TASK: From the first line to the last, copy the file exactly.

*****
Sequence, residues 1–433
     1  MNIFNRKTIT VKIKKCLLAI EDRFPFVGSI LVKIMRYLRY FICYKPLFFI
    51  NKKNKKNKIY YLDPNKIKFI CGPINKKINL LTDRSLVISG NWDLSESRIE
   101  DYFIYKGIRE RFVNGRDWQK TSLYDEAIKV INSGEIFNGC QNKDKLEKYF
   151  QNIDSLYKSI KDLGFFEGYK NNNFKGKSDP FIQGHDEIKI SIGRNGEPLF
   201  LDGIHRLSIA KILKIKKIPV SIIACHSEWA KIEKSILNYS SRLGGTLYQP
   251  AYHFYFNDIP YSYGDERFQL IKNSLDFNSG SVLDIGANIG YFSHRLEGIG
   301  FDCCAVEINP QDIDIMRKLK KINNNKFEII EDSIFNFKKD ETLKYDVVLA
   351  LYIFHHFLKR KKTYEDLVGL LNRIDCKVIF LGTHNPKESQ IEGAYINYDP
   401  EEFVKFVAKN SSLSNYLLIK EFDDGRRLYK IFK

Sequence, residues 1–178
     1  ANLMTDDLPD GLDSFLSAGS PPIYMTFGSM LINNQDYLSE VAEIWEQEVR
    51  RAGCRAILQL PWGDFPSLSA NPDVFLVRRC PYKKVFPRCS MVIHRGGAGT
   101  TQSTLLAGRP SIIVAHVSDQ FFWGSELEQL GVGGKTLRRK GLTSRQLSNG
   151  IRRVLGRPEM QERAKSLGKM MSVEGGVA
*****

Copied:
Sequence, residues 1–433
     1  MNIFNRKTIT VKIKKCLLAI EDRFPFVGSI LVKIMRYLRY FICYKPLFFI
    51  NKKNKKNKIY YLDPNKIKFI CGPINKKINL LTDRSLVISG NWDLSESRIE
   101  DYFIYKGIRE RFVNGRDWQK TSLYDEAIKV INSGEIFNGC QNKDKLEKYF
   151  QNIDSLYKSI KDLGFFEGYK NNNFKGKSDP FIQGHDEIKI SIGRNGEPLF
   201  LDGIHRLSIA KILKIKKIPV SIIACHSEWA KIEKSILNYS SRLGGTLYQP
   251  AYHFYFNDIP YSYGDERFQL IKNSLDFNSG SVLDIGANIG YFSHRLEGIG
   301  FDCCAVEINP QDIDIMRKLK KINNNKFEII EDSIFNFKKD ETLKYDVVLA
   351  LYIFHHFLKR KKTYEDLVGL LNRIDCKVIF LGTHNPKESQ IEGAYINYDP
   401  EEFVKFVAKN SSLSNYLLIK EFDDGRRLYK IFK

Sequence, residues 1–178
     1  ANLMTDDLPD GLDSFLSAGS PPIYMTFGSM LINNQDYLSE VAEIWEQEVR
    51  RAGCRAILQL PWGDFPSLSA NPDVFLVRRC PYKKVFPRCS MVIHRGGAGT
   101  TQSTLLAGRP SIIVAHVSDQ FFWGSELEQL GVGGKTLRRK GLTSRQLSNG
   151  IRRVLGRPEM QERAKSLGKM MSVEGGVA